Cork University Hospital (CUH) remains under "particular pressure" from rising numbers of Covid-19 admissions.
That's according to Chief Operations Officer for the South/Southwest Hospital Group, Dr Orla Healy.
Dr Healy was speaking to appeal for volunteers to help staff additional critical care beds at the hospital last weekend.this morning, in the wake of CUH's
Dr Healy said CUH had struggled to recruit staff, even in the pre-Covid era, and that the pandemic had exacerbated the issue.
She said pre-existing staffing issues at the hospital, together with the fact that 150 nurses are now out as a result of Covid-19, had increased pressure on what was already one of the country's busiest hospitals.
Please listen fellow rebels. The situation could not be more serious. CUH is overwhelmed and calling for staff of all grades and disciplines to help out in ICU. #StayAtHome #WearAMask when out on essential duties. @peopleofcork https://t.co/VJ52u4IrqL— Dr Nóirín Ní Rùiséil (@russellnoirin) January 24, 2021
Yesterday, 420 Covid-19-positive patients were being treated at CUH.
Dr Healy said that while some previously absent nurses had been able to return to work in the last couple of weeks, 13 Intensive Care Unit (ICU) nurses were still out as a result of the virus.
As of 8pm yesterday there were 136 patients with Covid-19 being treated at CUH, with 23 of these in need of critical care.
18 ICU patients were in the Covid-19-specific unit at the hospital. The other five patients were in CUH's general ICU.
“The situation is being managed. The rosters are staffed, and we have beds and equipment and ICU staff," Dr Healy said.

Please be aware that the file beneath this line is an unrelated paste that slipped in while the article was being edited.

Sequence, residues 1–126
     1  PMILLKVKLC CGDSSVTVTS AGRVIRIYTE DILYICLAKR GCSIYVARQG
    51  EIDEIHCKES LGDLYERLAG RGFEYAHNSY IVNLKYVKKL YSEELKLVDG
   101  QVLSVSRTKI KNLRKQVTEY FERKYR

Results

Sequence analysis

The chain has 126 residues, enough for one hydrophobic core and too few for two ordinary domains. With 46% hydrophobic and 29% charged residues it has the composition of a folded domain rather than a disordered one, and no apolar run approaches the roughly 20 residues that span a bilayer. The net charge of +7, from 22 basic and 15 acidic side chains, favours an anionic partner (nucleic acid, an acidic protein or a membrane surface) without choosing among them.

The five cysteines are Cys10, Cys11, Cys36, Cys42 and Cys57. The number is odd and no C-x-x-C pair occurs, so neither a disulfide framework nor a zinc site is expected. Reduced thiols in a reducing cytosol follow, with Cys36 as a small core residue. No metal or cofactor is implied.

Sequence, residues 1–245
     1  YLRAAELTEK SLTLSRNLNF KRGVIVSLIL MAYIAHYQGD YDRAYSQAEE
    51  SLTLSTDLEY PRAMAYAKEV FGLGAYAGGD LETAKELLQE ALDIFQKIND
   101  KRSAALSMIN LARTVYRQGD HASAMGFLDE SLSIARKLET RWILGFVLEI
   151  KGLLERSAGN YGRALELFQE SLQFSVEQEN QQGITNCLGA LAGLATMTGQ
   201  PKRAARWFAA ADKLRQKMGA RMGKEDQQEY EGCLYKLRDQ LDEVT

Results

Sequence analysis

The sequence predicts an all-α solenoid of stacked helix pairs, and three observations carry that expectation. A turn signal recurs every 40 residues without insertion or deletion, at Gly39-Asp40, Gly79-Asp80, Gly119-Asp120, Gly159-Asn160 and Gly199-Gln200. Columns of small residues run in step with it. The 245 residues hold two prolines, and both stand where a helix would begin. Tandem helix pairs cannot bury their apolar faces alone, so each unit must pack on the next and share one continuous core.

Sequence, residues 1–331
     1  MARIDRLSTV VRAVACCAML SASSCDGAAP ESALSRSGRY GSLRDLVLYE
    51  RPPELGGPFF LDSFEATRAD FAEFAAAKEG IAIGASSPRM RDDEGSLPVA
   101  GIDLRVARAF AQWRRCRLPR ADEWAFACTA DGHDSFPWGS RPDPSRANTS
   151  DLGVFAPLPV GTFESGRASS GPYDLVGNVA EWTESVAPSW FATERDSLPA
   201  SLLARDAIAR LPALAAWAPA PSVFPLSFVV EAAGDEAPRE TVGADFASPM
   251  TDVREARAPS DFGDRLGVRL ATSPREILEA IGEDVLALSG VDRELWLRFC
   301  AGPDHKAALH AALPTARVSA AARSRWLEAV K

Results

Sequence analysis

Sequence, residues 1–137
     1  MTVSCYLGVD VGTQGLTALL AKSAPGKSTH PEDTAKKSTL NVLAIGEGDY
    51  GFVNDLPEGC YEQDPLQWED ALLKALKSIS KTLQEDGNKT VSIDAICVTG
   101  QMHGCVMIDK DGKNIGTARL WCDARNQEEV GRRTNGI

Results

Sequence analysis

She said that ideally, one ICU qualified member of staff would be available for each ICU bed, but that staffing issues had made this impossible.
Dr Healy said CUH staff "were working in tandem with ICU-qualified staff" to tackle the issue.
Dr Healy said last week's appeal was met with an "overwhelming response" and that surgical and non-consultant staff, as well as GPS and social care professionals from Waterford and elsewhere, had made themselves available.
Over 70 extra doctors and nurses have been rostered for duty for the next 10 days to cover the unit.
Looking forward, Dr Healy said CUH and the wider South/Southwest hospital group were dependent on decreases in overall Covid-19 prevalence in the wider community.
A decrease in cases would help to alleviate the pressure CUH and other hospitals were currently experiencing, she said.
Dr Healy urged people to continue to observe restrictions so more people did not end up in hospital and subsequently in intensive care.
Nationally, HSE CEO Paul Reid said yesterday that the number of people in intensive care units will “hold if not grow” in the coming days.
Paul Reid said ICU admissions are a “real challenge” with delayed discharges from units and an increased number of deaths.
Speaking last night, Chief Medical Officer Dr Tony Holohan said the strain on Irish hospitals was the worst it has been in the history of the state.
"We must not let down our guard against this highly infectious disease and the risk it poses to ourselves and those most medically vulnerable to infection," he said.
"There is a huge volume of disease in the country and the recent surge in cases continues to place an unprecedented strain on ICUs, hospitals and other frontline healthcare services," he added.